JR: I worked 10 years for guys like Stan Winston and Steve Johnson and then there was a transition where one of the shops was closing and the right opportunity for a start-up. I was with that company (Quantum Creation FX) as the creative director for about 5 years until 2010 when we decided to go in different directions. After that I took 6 months off and then I organically started getting phone calls from people that expected to come back and work with me again. I had incorporated the business FracturedFX, but that’s the point when I was like “alright, let’s open the doors. We’ve got big calls and big shows coming, so let’s just turn this into an actual shop and see what happens.” It’s been an incredible ride and just grown so rapidly. I’m really honored for the opportunity.

Well, you’ve definitely made a major name for yourself in this industry and worked on so many different shows and movies that everyone loves. Including season 2 of The Knick that came out on DVD last week! Can you tell me what separated working on this show compared to your other projects?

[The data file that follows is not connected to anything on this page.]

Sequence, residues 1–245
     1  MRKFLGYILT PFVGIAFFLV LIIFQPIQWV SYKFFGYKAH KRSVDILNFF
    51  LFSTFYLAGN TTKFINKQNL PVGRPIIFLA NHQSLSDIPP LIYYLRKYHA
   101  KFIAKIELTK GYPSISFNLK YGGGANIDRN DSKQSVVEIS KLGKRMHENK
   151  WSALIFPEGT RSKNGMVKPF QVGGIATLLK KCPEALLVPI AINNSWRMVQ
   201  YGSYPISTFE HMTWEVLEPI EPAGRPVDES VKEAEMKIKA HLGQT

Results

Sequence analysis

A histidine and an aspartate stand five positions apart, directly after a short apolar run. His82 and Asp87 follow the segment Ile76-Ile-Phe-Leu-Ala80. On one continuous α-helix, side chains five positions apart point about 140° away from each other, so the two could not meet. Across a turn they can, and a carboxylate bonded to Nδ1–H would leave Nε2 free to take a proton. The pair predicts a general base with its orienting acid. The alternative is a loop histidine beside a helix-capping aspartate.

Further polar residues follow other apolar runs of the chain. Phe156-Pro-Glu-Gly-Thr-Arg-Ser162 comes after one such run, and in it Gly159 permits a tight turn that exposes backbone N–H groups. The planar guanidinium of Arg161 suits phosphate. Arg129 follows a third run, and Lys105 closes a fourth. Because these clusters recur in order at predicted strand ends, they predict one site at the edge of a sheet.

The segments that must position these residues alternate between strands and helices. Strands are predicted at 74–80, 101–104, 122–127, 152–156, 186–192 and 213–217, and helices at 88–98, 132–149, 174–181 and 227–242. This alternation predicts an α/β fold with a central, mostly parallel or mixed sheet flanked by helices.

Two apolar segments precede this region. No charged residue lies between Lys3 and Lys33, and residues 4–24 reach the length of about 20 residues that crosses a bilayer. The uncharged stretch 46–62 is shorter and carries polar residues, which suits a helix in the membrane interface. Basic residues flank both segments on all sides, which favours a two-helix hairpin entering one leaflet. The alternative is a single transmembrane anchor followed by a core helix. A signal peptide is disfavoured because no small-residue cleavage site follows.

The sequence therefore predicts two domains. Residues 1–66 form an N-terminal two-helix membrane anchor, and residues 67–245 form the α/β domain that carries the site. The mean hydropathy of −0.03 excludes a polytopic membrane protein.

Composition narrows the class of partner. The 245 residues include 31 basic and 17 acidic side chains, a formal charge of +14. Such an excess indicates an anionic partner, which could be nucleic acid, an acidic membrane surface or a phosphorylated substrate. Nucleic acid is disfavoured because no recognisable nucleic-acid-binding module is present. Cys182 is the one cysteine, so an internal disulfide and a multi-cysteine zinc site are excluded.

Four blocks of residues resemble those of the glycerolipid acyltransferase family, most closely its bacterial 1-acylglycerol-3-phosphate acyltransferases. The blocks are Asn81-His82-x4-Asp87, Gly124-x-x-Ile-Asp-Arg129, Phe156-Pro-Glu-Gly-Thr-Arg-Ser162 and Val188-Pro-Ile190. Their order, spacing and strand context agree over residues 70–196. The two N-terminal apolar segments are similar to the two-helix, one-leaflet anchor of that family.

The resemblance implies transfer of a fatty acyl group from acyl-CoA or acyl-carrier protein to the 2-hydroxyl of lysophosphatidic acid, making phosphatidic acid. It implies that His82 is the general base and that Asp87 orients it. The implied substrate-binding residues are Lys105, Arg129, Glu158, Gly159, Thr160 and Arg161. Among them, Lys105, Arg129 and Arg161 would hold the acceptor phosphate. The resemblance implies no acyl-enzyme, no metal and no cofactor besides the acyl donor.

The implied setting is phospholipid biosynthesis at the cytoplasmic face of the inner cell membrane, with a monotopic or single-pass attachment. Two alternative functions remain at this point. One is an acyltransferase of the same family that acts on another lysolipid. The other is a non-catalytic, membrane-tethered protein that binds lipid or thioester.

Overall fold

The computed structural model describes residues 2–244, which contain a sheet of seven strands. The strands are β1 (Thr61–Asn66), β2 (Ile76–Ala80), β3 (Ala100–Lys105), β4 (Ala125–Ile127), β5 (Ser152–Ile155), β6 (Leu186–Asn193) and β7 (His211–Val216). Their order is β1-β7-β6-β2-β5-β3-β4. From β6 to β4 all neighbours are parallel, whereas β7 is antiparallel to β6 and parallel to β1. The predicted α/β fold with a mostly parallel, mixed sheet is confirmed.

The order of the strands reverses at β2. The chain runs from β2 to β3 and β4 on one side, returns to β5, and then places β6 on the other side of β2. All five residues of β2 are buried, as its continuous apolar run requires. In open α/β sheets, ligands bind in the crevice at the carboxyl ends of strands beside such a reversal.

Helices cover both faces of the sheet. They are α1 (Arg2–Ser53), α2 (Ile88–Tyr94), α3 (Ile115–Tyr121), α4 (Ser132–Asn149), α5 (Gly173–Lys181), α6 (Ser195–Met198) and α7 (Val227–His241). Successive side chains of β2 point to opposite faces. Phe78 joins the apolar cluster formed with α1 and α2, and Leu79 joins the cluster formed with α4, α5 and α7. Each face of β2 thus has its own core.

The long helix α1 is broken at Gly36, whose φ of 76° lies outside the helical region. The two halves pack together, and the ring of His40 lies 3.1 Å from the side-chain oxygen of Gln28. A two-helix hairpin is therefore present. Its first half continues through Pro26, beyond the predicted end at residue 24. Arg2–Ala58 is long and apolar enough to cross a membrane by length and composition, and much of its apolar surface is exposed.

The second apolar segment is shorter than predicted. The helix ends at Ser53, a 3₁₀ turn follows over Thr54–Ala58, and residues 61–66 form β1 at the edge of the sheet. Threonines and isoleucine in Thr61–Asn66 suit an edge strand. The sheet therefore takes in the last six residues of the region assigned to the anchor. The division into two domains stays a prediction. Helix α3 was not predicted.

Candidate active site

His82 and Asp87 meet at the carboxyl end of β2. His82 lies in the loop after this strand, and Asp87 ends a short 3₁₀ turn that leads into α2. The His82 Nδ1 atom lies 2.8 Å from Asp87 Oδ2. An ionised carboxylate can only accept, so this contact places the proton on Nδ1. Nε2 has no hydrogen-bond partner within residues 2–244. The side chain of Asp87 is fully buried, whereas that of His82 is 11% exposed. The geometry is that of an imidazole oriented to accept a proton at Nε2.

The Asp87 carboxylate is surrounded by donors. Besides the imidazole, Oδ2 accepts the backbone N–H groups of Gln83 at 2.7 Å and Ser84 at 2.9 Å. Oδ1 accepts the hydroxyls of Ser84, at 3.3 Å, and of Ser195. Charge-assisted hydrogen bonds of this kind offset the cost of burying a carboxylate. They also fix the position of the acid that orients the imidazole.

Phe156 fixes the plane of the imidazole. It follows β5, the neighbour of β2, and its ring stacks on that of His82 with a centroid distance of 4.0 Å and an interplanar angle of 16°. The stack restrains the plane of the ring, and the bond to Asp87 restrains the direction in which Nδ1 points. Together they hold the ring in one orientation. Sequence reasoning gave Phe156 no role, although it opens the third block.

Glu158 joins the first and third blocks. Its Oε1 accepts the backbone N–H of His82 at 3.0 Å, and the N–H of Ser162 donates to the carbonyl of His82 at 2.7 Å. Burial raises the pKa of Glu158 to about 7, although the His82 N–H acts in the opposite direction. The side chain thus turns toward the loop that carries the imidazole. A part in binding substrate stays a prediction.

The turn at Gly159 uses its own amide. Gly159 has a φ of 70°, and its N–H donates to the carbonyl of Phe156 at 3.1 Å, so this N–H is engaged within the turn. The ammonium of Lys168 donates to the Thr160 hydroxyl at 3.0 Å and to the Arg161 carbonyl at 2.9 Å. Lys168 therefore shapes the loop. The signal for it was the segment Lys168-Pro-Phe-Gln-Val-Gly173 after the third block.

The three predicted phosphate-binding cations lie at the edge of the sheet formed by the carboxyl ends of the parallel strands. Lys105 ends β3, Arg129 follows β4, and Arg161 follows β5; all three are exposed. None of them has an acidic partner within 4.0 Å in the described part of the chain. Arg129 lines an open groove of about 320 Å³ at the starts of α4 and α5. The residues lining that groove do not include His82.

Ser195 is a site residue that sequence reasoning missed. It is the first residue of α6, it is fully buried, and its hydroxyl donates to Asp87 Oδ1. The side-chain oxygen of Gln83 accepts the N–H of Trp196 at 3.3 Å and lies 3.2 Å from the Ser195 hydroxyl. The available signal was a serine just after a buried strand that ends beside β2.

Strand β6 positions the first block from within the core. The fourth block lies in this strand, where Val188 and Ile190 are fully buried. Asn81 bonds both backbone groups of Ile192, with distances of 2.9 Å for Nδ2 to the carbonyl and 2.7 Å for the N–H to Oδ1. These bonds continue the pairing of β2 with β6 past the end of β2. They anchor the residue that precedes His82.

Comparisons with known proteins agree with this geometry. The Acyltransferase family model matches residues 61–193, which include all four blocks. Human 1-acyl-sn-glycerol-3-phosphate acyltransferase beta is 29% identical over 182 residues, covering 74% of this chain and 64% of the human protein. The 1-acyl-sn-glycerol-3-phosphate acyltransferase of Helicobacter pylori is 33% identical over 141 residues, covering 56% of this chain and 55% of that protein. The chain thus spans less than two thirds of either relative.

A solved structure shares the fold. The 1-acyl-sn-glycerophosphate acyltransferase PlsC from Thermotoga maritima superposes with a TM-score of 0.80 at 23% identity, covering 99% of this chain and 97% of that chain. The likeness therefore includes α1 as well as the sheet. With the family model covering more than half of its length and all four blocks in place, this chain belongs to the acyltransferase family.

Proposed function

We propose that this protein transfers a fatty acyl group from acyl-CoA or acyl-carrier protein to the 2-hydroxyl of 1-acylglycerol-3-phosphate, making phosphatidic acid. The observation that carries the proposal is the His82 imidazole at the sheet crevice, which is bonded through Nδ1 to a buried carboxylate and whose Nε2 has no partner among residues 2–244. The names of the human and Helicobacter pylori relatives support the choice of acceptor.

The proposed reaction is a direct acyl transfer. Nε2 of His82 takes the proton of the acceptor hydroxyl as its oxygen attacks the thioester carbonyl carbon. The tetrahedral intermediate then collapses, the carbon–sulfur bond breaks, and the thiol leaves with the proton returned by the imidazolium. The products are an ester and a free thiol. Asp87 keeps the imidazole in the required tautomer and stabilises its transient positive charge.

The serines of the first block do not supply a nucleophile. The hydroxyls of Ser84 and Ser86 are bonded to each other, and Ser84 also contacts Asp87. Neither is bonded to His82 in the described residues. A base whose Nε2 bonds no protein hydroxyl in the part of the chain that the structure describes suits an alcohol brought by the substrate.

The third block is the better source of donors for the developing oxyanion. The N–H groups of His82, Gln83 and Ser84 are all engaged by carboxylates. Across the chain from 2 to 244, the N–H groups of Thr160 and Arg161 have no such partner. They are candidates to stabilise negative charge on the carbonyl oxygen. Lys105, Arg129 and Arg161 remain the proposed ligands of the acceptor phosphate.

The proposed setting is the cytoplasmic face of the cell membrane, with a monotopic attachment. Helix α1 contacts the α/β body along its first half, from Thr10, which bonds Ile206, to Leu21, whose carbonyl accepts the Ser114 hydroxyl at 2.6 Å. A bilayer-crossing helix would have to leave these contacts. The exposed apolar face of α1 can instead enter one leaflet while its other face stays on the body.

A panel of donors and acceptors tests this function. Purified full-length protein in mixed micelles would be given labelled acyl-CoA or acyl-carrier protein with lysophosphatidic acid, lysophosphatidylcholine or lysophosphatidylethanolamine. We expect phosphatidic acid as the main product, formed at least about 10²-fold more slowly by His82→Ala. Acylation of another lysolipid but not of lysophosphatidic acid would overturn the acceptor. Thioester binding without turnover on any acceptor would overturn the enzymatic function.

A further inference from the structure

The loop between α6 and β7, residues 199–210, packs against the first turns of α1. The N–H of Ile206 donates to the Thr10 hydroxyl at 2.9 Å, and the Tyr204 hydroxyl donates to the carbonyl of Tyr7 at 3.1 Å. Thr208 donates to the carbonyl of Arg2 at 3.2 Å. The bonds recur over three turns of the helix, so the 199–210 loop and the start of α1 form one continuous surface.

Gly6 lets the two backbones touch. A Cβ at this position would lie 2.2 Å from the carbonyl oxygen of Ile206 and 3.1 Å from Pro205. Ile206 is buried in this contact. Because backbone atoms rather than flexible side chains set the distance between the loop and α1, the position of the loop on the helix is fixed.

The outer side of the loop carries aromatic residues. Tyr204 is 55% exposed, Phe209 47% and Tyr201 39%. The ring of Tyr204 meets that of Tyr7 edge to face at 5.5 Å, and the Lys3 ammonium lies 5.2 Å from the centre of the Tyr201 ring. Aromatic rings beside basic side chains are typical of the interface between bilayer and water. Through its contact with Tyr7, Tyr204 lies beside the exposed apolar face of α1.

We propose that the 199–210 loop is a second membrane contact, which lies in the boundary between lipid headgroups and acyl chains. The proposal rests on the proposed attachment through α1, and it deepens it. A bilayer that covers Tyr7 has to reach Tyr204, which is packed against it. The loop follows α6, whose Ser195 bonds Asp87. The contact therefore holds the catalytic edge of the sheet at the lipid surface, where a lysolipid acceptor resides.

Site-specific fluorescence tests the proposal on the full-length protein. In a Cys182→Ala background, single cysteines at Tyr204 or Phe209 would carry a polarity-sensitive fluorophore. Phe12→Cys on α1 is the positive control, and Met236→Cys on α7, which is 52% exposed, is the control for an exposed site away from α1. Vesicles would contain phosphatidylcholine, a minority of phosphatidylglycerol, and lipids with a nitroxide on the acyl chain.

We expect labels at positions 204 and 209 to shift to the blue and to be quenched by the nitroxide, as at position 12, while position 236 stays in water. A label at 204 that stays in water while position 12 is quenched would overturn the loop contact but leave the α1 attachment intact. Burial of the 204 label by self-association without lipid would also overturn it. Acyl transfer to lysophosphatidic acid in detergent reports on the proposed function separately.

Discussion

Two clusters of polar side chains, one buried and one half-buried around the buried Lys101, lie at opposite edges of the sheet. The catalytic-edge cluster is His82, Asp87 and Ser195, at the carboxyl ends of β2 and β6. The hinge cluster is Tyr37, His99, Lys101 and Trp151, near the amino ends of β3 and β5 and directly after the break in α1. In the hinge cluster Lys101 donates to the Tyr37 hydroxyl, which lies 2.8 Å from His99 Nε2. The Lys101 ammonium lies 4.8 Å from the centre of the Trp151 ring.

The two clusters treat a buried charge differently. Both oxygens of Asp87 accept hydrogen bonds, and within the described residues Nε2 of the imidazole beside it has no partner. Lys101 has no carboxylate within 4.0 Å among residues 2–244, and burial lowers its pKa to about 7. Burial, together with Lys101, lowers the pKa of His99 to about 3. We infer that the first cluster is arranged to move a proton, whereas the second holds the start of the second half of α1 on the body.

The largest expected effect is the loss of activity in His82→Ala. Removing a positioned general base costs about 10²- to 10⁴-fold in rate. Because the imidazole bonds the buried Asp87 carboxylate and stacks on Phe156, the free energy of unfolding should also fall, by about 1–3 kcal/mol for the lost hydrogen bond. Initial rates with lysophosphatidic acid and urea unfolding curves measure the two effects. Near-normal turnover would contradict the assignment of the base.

JR: First of all, Steven Soderbergh is a different director compared to a lot of directors I’ve worked with. He’s behind the camera directing, he’s cinematographer and doing the editing and I’ve never seen anything like that. His speed and pace are just incredible and to work at that kind of pace in a very complicated show like this is mind-blowing. Also, doing all the surgical effects and the recreations for it were so heavily detailed that it was kind of a challenge wrapping our heads around how we were going to go in and detail these characters out.

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That actually brings me to my next question. For this particular season of the show, what do you think was your biggest challenge?